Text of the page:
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CC127: Minutes of meeting of Thursday 4th December 2008

Physics Consultative Committee

CC127: Minutes of meeting of Thursday 4th December 2008


Present: Dr D A Green (chairman), M Michailidis, E Freeman, J Burley, J Foerster, P Armitage, S Begley, W Barter, C Wymant, P de Grouchy, Prof. D Ward, Dr R Padman.


1. Minutes

The Minutes of the last meeting were approved.

2. Teaching Committee Matters

Prof. Ward provided some background to the proposed revision of the IA courses, which were described in detail by Prof. Haniff. The proposed revisions, which are planned to be implemented from Oct 2009, were well received. These included shorter courses, less coverage of some topics (mainly those in the current last IA course), to allow a staged progression from school level, including more examples to develop problem solving skills, etc.

Dr Padman reviewed the results for Physics from the `National Student Survey' undertaken by HEFCE, copies of which were circulated. Generally the feedback was good in comparison to other Universities. However, it was noted that the response to Q7 (`Feedback on my work has been prompt') and Q8 (`I have received detailed feedback on my work') were poorer than for other science subjects in the University. There was a discussion of how students would have perceived these questions, which concluded that this was largely referring to supervision feedback, which was poorer at Part II and III levels than in Parts IA and IB. There was further discussion of the difference in the style of supervisions in Part II and III, and how TC might provide more support, e.g. in terms of worked solutions to supervisors for these supervisions.

Prof. Ward and Dr Padman outlined the possible revisions in next years Part III courses -- particularly in the astrophysics area -- that are currently being considered by the TC, following on from the revisions in Part II this year.


3. Part III

This term electronic feedback forms had been used for the first time -- for Part III only -- which allowed for a wider range and different style of questions to be asked. The overall score is an average from the overall assessment question, for which answers were: `terrible' (=1), `poor' (=2), `satisfactory' (=3), `good' (=4), `fantastic' (=5), so are not directly comparable with previous paper feedback numerical responses.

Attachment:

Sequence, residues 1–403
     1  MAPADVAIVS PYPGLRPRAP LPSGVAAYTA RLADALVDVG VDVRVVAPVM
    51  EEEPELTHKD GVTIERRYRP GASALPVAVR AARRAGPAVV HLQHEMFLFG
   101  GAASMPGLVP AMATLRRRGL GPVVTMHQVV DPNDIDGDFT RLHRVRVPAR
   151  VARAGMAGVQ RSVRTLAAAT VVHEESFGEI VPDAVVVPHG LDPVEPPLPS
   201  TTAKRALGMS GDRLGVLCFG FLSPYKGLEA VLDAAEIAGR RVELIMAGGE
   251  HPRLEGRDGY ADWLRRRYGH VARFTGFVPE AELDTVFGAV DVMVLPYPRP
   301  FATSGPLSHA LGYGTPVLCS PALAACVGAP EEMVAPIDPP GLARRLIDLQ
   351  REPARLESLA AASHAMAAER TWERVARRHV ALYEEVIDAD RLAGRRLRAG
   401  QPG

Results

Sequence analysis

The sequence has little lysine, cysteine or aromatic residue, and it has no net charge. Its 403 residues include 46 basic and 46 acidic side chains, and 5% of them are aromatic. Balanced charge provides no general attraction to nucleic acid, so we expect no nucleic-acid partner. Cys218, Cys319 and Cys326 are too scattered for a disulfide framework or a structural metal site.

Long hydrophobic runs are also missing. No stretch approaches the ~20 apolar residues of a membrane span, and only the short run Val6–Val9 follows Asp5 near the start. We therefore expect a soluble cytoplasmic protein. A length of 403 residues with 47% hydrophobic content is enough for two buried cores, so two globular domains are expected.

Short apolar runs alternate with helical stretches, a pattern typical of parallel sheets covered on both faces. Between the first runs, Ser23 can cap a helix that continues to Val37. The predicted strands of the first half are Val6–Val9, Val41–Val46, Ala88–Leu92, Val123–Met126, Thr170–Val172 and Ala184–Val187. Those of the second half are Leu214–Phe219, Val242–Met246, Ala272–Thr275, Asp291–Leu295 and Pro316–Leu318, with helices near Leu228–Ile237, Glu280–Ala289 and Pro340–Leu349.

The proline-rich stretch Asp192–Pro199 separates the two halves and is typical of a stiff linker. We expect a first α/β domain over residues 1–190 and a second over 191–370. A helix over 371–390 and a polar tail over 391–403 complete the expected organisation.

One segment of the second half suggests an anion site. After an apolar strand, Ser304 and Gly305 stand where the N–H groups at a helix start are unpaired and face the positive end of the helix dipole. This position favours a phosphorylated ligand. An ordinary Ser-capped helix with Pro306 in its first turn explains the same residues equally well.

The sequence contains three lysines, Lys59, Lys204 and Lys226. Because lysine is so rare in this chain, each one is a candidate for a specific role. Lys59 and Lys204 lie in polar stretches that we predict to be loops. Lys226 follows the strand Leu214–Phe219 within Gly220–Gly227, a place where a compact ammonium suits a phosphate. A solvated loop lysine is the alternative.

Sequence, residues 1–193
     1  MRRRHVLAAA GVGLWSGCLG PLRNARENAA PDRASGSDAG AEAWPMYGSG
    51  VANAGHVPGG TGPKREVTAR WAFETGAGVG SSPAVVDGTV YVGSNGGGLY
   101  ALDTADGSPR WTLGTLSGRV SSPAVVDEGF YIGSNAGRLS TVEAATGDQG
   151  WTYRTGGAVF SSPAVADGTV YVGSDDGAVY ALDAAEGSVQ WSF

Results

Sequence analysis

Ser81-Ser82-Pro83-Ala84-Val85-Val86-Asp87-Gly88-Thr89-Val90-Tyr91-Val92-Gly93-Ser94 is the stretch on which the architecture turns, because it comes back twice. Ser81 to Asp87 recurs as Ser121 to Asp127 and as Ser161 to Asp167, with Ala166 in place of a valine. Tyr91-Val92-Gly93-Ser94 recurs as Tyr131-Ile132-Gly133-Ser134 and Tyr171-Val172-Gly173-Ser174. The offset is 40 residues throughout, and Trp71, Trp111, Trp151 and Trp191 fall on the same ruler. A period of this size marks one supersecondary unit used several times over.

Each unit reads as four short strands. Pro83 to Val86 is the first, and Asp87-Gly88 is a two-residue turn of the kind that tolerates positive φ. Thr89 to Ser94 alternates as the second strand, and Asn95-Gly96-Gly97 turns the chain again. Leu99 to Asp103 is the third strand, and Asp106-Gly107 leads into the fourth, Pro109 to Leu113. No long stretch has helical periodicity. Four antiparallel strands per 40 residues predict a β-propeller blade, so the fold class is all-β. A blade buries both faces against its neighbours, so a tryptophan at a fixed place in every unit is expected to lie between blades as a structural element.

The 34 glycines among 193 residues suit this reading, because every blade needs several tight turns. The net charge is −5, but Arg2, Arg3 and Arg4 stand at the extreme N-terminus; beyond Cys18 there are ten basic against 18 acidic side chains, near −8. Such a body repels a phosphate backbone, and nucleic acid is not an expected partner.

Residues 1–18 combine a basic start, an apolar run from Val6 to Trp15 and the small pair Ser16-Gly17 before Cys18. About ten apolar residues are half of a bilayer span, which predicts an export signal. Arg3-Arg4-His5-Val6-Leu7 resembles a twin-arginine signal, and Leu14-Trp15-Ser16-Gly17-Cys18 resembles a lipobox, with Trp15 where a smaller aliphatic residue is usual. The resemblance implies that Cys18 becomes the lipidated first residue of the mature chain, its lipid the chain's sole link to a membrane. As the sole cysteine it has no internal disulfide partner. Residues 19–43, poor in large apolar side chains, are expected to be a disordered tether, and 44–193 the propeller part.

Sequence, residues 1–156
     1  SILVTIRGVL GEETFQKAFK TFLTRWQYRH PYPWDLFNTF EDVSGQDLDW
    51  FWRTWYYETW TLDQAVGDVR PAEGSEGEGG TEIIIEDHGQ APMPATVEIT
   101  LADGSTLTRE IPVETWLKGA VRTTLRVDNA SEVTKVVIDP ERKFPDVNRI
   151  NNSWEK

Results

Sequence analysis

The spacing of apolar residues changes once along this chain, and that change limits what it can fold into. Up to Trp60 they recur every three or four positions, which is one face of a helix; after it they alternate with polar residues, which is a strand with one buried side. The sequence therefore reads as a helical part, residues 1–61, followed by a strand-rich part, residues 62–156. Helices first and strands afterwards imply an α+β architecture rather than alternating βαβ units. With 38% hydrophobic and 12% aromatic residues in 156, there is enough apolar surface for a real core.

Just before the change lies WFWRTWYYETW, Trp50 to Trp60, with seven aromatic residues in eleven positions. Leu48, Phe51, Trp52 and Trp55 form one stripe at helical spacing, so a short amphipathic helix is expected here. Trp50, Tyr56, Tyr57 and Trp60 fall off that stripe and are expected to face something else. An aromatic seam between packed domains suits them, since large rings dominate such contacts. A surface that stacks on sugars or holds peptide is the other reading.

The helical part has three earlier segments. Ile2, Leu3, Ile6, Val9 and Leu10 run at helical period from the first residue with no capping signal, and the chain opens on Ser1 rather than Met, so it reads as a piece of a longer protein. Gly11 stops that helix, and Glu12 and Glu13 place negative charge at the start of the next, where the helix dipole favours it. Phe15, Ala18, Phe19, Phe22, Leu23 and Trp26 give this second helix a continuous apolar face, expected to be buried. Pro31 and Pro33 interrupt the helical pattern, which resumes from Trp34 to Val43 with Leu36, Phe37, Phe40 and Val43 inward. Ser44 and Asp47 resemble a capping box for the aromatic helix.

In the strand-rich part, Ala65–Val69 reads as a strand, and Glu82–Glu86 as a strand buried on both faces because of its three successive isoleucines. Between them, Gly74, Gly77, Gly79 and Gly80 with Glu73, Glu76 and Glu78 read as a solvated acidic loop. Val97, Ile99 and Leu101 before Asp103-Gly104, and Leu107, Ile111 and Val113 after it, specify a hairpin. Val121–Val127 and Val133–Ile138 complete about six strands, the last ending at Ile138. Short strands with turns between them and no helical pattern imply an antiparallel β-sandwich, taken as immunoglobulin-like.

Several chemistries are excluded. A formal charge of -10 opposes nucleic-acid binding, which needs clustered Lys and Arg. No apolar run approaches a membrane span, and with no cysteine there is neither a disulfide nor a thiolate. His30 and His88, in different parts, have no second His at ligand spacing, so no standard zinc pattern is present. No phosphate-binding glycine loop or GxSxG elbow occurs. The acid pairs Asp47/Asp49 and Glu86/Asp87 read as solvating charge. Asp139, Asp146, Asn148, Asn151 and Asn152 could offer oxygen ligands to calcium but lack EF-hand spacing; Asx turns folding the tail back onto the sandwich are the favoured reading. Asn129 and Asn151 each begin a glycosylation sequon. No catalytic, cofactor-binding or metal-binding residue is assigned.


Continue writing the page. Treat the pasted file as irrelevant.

Advanced Quantum Condensed Matter Physics (Prof. Sirringhaus) Score 3.6 (21/33 replies, 64%)

Generally well received, but the handouts could be clearer.

Soft Matter (Prof. Steiner) Score 3.7 (6/13 replies, 46%)

Good feedback overall, although there were comments that the handout was difficult to follow.

Astrophysics & Cosmology (Dr Alexander/Prof. Fabian/Prof. Lasenby) Score 3.6 (16/36 replies, 44%)

A popular course, although some students found parts of the course too discursive, and the handout could be more relevant.

Particle Physics (Dr Thomson) Score 4.1 (41/61 replies, 67%)

An outstanding course, although some pointers to other sources would be useful.

Physics of the Earth as a Planet (Dr Priestley et al.) Score 3.7 (21/37 replies, 57%)

Generally well received, although it was noted that there was a lot of material in the course, and that some colour figures were printed as black and white in the handout, and so were not understandable.

Quantum Condensed Matter Field Theory (Prof. Littlewood) Score 3.3 (18/22 replies, 82%)

This was perceived to be a hard course, and it was noted that the students taking this course were finding the year difficult overall, which was not apparent for other courses. Some students found the style of presentation using the blackboard difficult to follow. The prerequisites for this course need to be clearly specified.

Atomic and Optical Physics(Dr Hadzibabic/Dr Köhl) Score 3.4 (19/29 replies, 66%)

A new course, which was generally well received, although it was not always clear how some of the questions related to the lecture topics.

Quantum Field Theory (Prof. Davis)

This is a Part III lecture course, for which there was no feedback forms, although the student representatives did not think there were any particular problems with this course.

General Comments: Dr Padman noted that the modal overall assessment score for each of the Part III Major option courses this term was `good'.

It was requested that the Part III supervisions start earlier in the term, e.g. week 2. Dr Padman pointed out that the deadline for students to indicate which courses they want supervisions in is delayed from at the start of term, to allow students to sample several courses. However, she would emphasise to the supervisors the need for an early start, once the arrangements had been made. It was also noted that it would be useful if some guidelines for supervising these rather larger groups was available to supervisors.


4. Part II

Thermal & Statistical Physics (Prof. Terentjev) Score 4.3 (59 replies)

A good overall score. Although some students liked the lecturing style with overheads being different to the handout, others found coordination between the two difficult.

Advanced Quantum Physics (Prof. Ritchie) Score 3.5 (61 replies)

Generally well received, although some questions were thought to require too much algebra.

Optics & Electrodynamics (Dr Hughes) Score 3.5 (13 replies)

A disappointingly small number of feedback forms, as these had not been advertised by the lecturer. A well liked course, with the electrodynamics being preferred over the optics topics.